Send to

Choose Destination
Can J Infect Dis Med Microbiol. 2014 May;25(3):151-4.

Real-time polymerase chain reaction for microbiological diagnosis of parapneumonic effusions in Canadian children.

Author information

Department of Pediatrics, Division of Infectious Disease, McMaster University, Hamilton;
Department of Pathology and Laboratory Medicine, Division of Microbiology, University of Ottawa, Ottawa, Ontario.


in English, French


Community-acquired pneumonia (CAP) complicated by parapneumonic effusion/empyema is an infectious syndrome commonly encountered by physicians caring for children in Canada.


To investigate the incremental benefit of novel molecular testing for the microbiological diagnosis of pediatric CAP complicated by parapneumonic effusion/empyema in Canada.


A convenience sample of pleural fluid from 56 children who had been admitted to hospital in Ontario with CAP complicated by parapneumonic effusion between 2009 and 2011 was examined. Multiple uniplex real-time polymerase chain reaction (PCR) testing was performed on these pleural fluids and compared with traditional culture-based testing of blood and pleural fluid samples.


Molecular methods detected a pathogen in 82% of cases, whereas traditional cultures of blood and pleural fluids detected a pathogen in only 25%. The majority of parapneumonic effusions were associated with pneumococcal infection; Streptococcus pneumoniae was detected in 62% of the samples using molecular methods but in only 14% of samples using culture-based methods. Streptococcus pyogenes, detected in 16% of samples using PCR, was the second most common pathogen found. No patients were found to have empyema caused by Staphylococcus aureus.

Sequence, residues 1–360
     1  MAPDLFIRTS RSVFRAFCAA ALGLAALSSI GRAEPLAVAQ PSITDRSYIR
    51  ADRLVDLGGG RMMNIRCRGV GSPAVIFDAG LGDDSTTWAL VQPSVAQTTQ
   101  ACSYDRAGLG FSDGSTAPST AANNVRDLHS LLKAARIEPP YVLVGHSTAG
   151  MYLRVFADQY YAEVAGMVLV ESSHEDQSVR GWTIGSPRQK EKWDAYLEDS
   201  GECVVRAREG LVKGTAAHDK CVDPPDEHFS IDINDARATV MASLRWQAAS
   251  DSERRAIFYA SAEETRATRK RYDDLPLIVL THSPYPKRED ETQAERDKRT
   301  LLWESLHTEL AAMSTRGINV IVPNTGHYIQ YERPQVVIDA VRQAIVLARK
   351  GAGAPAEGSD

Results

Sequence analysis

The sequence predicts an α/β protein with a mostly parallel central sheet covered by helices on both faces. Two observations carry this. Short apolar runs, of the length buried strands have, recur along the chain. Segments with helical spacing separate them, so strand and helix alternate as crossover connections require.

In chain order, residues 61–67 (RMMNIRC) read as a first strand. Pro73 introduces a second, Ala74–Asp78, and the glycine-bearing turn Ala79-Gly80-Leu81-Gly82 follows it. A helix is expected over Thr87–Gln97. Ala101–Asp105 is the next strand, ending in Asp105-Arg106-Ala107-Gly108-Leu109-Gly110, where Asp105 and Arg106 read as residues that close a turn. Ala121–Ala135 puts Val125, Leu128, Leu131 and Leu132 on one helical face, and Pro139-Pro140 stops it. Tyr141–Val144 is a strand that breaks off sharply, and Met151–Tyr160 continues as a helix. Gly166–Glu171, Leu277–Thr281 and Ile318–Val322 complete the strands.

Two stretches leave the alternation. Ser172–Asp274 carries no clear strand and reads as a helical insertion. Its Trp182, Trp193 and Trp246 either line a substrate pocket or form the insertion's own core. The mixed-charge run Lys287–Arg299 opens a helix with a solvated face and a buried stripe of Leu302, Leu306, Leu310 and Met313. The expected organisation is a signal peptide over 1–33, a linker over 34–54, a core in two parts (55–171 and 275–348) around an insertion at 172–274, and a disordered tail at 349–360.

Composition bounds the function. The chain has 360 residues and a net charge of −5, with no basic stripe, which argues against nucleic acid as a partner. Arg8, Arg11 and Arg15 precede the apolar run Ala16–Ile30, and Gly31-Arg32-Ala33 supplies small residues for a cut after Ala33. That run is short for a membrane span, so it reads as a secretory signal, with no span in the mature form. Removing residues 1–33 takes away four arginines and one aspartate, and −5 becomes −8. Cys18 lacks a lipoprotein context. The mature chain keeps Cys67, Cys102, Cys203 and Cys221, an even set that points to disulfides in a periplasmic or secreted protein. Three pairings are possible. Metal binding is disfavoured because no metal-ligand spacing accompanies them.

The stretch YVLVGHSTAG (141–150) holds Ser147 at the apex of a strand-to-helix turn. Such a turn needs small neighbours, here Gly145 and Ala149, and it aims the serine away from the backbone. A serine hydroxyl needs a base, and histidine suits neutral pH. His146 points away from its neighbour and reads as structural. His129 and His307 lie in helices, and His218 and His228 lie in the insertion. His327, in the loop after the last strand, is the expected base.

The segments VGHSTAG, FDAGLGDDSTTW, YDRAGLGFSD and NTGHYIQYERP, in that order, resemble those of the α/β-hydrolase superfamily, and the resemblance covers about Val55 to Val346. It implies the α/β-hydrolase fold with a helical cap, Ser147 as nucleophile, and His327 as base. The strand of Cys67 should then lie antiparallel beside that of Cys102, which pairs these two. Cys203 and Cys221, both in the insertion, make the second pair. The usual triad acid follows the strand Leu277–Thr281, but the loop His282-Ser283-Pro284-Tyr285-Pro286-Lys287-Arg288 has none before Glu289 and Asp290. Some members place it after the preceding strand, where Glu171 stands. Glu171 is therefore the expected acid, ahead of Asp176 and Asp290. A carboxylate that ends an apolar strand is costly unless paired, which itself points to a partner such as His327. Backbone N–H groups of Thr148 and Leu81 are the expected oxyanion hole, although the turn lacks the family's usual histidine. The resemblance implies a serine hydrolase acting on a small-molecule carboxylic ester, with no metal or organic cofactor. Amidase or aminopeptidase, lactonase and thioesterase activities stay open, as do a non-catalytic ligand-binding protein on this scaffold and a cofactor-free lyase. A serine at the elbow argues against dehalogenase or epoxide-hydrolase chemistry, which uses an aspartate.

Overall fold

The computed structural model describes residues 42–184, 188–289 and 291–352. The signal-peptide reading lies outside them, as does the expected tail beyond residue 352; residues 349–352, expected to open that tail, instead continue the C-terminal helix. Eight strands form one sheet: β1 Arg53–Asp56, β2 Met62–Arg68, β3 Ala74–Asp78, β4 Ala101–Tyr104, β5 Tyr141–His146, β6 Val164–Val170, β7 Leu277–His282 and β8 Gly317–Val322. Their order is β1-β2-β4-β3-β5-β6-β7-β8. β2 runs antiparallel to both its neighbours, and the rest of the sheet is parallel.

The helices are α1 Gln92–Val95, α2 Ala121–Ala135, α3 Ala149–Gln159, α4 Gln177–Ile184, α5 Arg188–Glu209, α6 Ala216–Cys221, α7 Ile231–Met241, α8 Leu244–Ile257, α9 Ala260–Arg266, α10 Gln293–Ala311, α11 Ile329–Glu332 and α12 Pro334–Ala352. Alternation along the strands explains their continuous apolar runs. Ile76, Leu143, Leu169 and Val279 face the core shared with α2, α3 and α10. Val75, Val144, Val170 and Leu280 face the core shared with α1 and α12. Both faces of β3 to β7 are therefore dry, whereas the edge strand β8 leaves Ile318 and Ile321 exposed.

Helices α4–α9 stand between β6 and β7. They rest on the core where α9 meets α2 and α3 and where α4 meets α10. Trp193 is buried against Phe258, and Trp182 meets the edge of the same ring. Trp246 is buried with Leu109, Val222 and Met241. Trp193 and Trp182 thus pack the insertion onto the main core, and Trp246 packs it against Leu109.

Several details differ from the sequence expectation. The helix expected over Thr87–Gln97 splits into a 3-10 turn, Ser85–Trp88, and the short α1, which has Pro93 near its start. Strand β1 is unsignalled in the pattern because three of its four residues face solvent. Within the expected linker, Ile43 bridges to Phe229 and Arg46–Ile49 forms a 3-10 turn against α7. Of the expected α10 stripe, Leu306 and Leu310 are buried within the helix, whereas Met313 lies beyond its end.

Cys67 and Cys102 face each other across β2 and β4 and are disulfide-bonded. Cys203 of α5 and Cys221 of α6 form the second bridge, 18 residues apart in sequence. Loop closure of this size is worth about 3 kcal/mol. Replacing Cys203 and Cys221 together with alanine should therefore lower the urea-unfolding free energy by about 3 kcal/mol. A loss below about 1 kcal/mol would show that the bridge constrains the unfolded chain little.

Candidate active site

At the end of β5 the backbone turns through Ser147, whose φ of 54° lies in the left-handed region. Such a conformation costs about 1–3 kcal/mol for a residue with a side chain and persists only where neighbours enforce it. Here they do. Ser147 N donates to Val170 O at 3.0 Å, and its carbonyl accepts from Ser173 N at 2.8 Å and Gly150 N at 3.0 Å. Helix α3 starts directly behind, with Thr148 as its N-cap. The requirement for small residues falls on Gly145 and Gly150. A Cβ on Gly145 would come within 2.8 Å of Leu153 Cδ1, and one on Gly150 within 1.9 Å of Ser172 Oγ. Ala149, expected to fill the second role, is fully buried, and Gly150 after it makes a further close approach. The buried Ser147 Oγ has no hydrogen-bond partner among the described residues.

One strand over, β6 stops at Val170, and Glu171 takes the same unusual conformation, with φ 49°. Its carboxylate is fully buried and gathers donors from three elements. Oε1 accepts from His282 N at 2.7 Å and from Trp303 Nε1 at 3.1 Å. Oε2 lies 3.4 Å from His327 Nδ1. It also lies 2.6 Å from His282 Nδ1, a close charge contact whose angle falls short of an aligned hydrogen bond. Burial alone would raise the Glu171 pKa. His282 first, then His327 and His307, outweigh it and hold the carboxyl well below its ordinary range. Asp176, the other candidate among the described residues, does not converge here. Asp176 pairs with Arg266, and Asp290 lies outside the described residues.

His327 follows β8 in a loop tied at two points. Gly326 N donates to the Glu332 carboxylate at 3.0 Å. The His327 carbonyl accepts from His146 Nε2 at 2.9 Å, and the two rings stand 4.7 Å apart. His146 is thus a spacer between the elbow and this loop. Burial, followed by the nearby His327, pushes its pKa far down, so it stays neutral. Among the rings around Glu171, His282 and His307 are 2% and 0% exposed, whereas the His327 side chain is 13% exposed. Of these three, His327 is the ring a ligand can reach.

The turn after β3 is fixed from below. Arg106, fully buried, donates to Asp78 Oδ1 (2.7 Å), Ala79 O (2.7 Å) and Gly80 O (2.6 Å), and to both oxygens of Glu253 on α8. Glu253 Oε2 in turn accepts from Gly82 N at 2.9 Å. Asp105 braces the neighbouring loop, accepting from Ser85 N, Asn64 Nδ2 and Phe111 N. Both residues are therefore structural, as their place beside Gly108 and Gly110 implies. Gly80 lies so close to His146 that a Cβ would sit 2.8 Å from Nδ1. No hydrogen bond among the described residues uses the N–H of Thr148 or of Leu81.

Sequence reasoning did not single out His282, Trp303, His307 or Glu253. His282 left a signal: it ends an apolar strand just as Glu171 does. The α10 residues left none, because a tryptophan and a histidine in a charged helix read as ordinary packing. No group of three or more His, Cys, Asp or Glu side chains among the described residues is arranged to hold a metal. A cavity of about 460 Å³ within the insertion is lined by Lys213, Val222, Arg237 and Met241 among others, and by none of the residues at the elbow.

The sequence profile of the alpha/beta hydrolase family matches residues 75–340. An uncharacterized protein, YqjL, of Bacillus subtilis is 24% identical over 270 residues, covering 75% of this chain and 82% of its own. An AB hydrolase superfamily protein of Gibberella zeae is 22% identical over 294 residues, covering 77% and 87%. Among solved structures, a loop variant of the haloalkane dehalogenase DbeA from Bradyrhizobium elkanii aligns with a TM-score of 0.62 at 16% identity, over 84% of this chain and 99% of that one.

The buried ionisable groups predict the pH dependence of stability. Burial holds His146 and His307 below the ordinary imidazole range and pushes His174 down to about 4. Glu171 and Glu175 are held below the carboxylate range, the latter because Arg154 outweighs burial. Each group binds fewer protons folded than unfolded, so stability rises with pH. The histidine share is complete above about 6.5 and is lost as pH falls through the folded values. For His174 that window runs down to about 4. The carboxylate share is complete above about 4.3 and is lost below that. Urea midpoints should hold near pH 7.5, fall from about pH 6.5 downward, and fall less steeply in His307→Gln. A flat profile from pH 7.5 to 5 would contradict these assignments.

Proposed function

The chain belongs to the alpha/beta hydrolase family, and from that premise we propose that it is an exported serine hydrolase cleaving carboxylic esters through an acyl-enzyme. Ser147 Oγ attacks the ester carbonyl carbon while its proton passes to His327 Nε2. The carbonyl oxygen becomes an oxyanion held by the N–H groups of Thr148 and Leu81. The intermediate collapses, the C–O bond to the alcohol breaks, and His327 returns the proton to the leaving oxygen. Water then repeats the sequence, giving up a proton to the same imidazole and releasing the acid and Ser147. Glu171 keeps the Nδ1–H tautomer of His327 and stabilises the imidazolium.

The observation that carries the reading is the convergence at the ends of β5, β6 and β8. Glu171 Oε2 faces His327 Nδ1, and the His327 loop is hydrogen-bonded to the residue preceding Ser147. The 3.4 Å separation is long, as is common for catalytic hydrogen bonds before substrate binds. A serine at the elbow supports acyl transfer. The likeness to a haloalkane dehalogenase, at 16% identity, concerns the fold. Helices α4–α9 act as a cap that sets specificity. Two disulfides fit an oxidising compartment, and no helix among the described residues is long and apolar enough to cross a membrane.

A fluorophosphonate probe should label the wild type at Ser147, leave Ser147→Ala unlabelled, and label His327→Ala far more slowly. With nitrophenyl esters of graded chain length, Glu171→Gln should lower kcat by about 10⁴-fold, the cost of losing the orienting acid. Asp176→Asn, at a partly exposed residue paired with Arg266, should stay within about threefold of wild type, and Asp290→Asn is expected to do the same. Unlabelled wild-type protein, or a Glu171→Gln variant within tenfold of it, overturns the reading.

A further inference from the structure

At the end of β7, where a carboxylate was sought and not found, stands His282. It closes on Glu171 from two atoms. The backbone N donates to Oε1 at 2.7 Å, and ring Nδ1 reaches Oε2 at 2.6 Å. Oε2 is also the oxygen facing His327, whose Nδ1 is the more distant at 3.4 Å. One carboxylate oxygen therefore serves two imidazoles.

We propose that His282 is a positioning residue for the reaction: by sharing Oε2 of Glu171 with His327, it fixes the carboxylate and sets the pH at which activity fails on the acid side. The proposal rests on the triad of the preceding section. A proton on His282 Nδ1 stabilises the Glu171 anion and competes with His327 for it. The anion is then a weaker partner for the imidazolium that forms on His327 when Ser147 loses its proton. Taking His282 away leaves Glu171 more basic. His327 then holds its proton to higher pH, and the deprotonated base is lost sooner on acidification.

The results showed that multiple uniplex real-time PCR performed substantially better than traditional culture methods for microbiological diagnosis of CAP complicated by effusion/ empyema. S pneumoniae and S pyogenes were found to be responsible for the majority of infections. The approach detected pathogens in a similar proportion of pleural fluid samples as previously reported nested PCR assays; furthermore, the real-time closed-well approach also minimized the risk of nonspecificity due to cross-contamination relative to nested PCR.


Real-time PCR for the detection of bacterial DNA in pleural fluids has the potential to better define the microbiological cause of pediatric CAP. This approach could help clinicians provide targeted antimicrobial therapy.


Empyema; Pleural effusion; Pneumonia; Polymerase chain reaction

Supplemental Content

Full text links

Icon for Hindawi Limited Icon for PubMed Central
Loading ...
Support Center